The relentless sun is casting familiar shadows on Cairo streets. Brothers fighting brothers; police helmets butting against taqiyahs; and the figures of women resisting the assaults which have become so commonplace in today’s Egypt. A dense and fog-like denial has been settling on the ground for some time, obscuring the daily realities of the marginalised peoples of Egypt. A deadly combination of national pride and victim blaming is robbing women of their rights, of their safety, of their liberty. Avoidance and denial are killing women.
Statistics show that Egypt is one of the worst places in the world to be a woman. UN Women reported earlier this year that 99.3% of Egyptian women have been sexually harassed, and 91.5% have experienced unwanted physical contact. Despite what the statistics show, many Egyptians deny that there is a problem with sexual harassment, referring to whistles and comments as ‘compliments’. When shown evidence that sexual harassment is reaching epidemic levels, some will admit to the problem but claim that it is only a new phenomenon; due, in part, to the revolution of 2011 and its aftermath.
Why has each government; undemocratic, interim, democratic, military, denied the problem or resorted to victim blaming? Why do the Mosques?
Egyptians are fiercely proud people. Epidemic levels of harassment, assault, rape, of packs and mobs, of government sponsored terrorisation and brutalisation of women, interferes with national sentiments and the narrative of Egypt as a great nation. Rather than address the problem, it has been easier, perhaps, to deny its existence. And where denial is impossible, to blame and/or neglect the victim; to allow the perpetrator to walk. Additionally, there are those who simply do not see sexual harassment as a problem: the perpetrators and the women haters. A report by the Egyptian Ministry of Endowments, titled ‘Sexual Harassment: Causes and Solutions’, for example, places the blame firmly on the victim.
The discussion the country needs to be having in its communities, police stations, and government offices is happening online. Journalists, bloggers, and tweeters are recounting in their masses scenes of women being harassed on the streets and then further harassed by passers-by for trying to stand up to her perpetrator or for calling the police. Often the passers-by will claim that the woman is making trouble, or that the punishment the perpetrator faces from the authorities will be too harsh. In one case, a woman was berated because the young man could ‘lose his future’ if she went ahead and called the police. The trouble she could cause him was, for these Egyptians, more important. Yet the trouble he caused her; the assault on her right to walk without fear, her freedom, the assault on her right not to be touched, was perfectly tolerable. Her wanting to resist, and the trouble it would cause the criminal, was intolerable. This is how Egypt convinces itself that it is the great nation it so desperately want to be. It only accepts the solution that cleans up the mess the quickest. When sweeping the problem under the rug is not effective, it simply looks away.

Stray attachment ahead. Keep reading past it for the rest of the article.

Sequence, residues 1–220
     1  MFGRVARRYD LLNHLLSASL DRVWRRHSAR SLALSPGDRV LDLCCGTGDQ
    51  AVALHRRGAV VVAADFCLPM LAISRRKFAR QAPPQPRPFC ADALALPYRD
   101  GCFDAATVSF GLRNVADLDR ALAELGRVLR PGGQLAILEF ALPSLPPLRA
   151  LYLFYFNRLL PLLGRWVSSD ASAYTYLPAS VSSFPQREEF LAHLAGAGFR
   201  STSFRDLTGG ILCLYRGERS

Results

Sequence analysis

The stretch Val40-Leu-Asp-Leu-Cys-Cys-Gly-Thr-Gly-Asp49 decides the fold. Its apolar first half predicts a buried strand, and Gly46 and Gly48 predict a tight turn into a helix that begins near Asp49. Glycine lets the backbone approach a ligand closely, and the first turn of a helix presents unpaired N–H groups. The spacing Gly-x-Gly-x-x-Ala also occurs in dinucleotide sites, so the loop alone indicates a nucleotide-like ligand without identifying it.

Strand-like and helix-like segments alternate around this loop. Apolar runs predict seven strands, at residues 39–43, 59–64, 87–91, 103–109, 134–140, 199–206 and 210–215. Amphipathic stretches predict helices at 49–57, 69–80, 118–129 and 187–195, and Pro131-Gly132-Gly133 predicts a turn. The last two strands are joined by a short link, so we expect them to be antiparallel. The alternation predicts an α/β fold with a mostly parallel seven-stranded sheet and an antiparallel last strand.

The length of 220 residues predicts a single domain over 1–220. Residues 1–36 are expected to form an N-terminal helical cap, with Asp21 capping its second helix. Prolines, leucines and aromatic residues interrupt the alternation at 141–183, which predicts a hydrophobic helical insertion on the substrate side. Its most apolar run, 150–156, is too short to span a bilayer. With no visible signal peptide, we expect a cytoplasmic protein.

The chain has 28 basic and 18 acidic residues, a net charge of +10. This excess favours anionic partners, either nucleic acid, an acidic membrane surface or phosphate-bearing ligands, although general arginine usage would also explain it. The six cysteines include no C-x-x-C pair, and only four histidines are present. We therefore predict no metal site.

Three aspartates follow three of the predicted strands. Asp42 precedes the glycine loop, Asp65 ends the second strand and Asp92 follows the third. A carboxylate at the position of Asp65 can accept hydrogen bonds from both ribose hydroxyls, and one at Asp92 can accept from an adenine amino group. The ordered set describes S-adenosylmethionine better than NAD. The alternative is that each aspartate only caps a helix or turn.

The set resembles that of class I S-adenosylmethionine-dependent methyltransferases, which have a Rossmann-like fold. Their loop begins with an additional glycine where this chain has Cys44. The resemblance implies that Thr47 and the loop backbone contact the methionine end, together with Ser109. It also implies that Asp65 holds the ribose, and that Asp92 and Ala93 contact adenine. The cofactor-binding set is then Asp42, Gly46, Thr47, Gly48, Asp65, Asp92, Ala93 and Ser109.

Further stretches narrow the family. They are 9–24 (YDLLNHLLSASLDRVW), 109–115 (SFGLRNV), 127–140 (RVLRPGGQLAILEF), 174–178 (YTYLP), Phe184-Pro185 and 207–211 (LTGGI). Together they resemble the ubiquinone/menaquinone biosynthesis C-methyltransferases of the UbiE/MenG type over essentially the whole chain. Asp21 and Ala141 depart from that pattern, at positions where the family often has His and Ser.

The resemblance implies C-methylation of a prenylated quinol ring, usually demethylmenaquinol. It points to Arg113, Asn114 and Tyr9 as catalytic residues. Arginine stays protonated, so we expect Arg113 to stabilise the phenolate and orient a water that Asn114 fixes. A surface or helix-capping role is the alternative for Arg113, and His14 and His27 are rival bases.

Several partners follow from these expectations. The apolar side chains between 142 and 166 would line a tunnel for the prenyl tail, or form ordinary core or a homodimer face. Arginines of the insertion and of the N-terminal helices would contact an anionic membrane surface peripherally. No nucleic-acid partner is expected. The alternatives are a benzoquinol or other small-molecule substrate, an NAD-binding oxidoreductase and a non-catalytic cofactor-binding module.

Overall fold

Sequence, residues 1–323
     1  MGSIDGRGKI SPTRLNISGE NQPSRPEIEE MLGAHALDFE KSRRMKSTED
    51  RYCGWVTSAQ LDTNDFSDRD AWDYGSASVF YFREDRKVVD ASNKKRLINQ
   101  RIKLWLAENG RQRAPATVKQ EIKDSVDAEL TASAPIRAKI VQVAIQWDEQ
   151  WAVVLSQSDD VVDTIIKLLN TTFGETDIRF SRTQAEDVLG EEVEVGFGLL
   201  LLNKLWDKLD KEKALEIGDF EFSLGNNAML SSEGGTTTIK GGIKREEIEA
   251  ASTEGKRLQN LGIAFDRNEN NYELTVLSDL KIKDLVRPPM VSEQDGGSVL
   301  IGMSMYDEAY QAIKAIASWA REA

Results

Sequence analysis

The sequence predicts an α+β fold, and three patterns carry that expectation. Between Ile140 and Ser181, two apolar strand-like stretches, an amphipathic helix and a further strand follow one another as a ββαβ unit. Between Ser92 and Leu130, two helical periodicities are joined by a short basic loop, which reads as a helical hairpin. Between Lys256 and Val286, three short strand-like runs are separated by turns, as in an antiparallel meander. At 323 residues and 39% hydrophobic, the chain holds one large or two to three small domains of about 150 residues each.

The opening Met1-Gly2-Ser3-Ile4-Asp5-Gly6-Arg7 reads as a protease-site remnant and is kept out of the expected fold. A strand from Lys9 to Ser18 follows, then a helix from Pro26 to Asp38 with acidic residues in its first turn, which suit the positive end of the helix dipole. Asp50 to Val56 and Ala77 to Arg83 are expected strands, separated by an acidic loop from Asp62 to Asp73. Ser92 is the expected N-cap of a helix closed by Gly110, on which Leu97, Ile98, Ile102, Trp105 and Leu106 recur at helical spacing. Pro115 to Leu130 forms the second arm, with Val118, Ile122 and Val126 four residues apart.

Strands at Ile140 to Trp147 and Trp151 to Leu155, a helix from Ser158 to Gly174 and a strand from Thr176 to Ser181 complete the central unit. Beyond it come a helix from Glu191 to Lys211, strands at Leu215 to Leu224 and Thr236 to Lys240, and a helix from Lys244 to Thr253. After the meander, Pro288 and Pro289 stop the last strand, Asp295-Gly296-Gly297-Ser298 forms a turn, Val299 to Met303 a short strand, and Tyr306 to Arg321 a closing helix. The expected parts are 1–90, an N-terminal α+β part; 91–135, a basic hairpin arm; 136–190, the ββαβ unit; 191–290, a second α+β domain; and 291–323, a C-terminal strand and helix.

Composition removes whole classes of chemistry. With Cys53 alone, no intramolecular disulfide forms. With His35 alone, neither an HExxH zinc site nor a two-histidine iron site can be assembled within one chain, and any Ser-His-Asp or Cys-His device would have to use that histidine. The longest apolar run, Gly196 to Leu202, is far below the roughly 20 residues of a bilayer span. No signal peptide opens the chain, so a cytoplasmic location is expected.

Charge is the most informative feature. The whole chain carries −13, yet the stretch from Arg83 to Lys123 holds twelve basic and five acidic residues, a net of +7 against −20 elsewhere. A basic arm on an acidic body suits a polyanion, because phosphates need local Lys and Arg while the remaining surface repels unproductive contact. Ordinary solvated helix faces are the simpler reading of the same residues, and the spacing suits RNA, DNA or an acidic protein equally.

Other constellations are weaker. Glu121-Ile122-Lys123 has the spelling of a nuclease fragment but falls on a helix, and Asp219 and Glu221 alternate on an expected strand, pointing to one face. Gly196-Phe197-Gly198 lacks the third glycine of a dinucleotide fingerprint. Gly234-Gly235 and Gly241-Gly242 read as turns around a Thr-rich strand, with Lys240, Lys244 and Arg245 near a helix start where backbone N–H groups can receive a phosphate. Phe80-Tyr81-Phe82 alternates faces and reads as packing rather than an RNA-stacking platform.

Egypt is changing, and yet, sadly, the situation for women has remained, and will remain, the same for as long as sexual crimes are considered non-crimes (against non-people, I might add); or worse, as long as they are not considered at all.
By Sawsan Bastawy